The Haunting of Hill House by Shirley Jackson

HillHouseReadalong I’ve included this book on my R.I.P. list every year since I read We Have Always Lived in the Castle in 2011, but this is the first year I’ve actually found time to read it, thanks to a readalong hosted by the Estella Society. They have posted some discussion questions for us today, which I didn’t see until I had already written my post…though I think I’ve said everything here that I want to say anyway. I’ll look forward to reading what everyone else thought of it!

The Haunting of Hill House is a 1959 novel by Shirley Jackson. Dr John Montague, an anthropologist and psychic investigator, is renting Hill House for the summer in the hope of studying the supernatural phenomena and ghostly manifestations that he believes take place there. After assembling a list of people who have had previous paranormal experiences he invites them to stay in the house with him as his assistants, but there are only two who accept the invitation: Eleanor Vance, a shy, lonely woman of thirty-two, and the confident, outgoing Theodora. Accompanied by Luke Sanderson, whose aunt is the owner of Hill House, Dr Montague and his guests arrive at the house one by one and wait for something to happen.

Things do soon begin to happen but I can’t tell you too much about those happenings because as with all books of this type it’s best if you know as little as possible before you start. All I will say is that the story is told from Eleanor’s perspective…and Eleanor is not always entirely reliable. The supernatural element of the novel is quite subtle and you can never be completely sure what is going on. Because we spend so much time inside the head of a character who is unstable and insecure it’s difficult to tell exactly what is real and what isn’t.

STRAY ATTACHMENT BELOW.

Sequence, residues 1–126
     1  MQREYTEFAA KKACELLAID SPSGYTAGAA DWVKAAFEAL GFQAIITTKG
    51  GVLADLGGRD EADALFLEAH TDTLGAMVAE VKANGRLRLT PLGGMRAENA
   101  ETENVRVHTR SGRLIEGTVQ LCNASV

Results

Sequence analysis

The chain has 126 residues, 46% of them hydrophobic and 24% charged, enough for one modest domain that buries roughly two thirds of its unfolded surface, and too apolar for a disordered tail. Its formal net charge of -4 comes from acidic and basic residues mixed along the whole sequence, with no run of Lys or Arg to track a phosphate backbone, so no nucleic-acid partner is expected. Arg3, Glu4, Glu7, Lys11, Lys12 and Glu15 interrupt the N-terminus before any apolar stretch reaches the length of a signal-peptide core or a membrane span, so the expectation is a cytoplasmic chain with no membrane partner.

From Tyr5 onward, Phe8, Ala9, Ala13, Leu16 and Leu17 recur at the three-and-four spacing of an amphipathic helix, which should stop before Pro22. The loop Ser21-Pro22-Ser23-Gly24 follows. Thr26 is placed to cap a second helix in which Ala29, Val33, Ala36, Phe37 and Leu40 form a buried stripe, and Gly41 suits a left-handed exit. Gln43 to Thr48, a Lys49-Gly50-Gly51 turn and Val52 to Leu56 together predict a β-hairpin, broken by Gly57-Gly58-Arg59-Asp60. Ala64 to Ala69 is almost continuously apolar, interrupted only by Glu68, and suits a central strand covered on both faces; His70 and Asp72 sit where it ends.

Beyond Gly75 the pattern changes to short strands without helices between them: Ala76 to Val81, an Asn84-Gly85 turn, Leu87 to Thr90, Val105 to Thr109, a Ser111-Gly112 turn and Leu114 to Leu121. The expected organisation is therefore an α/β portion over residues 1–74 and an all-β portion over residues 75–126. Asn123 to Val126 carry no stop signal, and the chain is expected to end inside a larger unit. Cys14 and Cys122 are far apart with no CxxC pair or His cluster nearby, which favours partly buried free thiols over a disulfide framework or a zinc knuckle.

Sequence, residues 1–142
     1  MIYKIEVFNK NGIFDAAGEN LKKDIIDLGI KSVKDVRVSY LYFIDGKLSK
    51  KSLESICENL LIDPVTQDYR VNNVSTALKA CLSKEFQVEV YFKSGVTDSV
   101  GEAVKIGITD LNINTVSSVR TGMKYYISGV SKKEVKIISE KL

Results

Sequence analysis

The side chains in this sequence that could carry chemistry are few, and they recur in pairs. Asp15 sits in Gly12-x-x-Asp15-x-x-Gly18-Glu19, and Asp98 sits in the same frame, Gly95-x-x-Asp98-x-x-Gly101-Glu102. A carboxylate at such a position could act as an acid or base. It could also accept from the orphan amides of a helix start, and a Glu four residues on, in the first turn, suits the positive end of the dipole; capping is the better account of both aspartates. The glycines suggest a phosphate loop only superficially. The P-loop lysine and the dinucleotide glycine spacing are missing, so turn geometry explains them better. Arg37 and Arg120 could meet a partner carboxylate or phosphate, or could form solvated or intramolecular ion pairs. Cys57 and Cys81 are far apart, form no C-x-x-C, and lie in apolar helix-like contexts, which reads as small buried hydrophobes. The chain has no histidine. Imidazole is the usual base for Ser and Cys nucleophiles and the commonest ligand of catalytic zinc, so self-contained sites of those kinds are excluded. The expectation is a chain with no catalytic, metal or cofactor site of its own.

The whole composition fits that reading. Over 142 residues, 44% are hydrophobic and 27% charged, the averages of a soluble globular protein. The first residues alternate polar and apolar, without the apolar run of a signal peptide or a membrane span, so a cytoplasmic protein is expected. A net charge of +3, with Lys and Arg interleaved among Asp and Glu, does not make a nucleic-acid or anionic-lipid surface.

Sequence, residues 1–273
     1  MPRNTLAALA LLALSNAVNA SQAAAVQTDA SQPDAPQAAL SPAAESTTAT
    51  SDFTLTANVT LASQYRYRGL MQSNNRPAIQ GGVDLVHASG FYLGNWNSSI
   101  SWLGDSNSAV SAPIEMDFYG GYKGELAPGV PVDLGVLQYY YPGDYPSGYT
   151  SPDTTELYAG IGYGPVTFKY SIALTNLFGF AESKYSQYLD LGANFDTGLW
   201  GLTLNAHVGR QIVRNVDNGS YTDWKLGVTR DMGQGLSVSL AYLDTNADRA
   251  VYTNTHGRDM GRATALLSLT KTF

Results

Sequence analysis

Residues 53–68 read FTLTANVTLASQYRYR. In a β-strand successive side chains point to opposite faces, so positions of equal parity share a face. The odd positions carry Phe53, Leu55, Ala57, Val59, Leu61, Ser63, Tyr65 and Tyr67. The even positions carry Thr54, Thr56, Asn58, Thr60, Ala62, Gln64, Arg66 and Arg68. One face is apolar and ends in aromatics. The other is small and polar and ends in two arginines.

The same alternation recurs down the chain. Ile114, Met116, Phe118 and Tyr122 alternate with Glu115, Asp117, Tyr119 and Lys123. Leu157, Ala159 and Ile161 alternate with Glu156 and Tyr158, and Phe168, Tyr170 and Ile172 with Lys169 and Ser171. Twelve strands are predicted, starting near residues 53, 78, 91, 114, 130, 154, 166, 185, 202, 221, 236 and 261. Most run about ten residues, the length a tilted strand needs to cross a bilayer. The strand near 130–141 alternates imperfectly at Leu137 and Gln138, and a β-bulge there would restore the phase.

The Haunting of Hill House I didn’t find this book as frightening as I’d expected, but that could just be because I deliberately avoided reading it late at night (I’m a coward when it comes to books like this). There are certainly some very creepy moments, though – without having to resort to graphic horror, Jackson is still able to unsettle the reader and convey the feeling that something isn’t quite right. I loved the descriptions of Hill House – it has all the characteristics you would expect a haunted house to have, including a tragic history – but there are very few physical manifestations of ghostly activity. The creepiness of the story comes mainly from the fact that we don’t know how much of the ‘haunting’ is caused by Hill House itself and how much is the product of Eleanor’s disturbed mind.

I had been looking forward to reading The Haunting of Hill House because of its status as a classic American haunted house story and because I loved the other Shirley Jackson book I read. I really wanted to love this one too, but I have to be honest and say that I didn’t. It was good, but not as good as We Have Always Lived in the Castle. However, if you’re new to Shirley Jackson, I would recommend either of these two books as a perfect read for this time of year.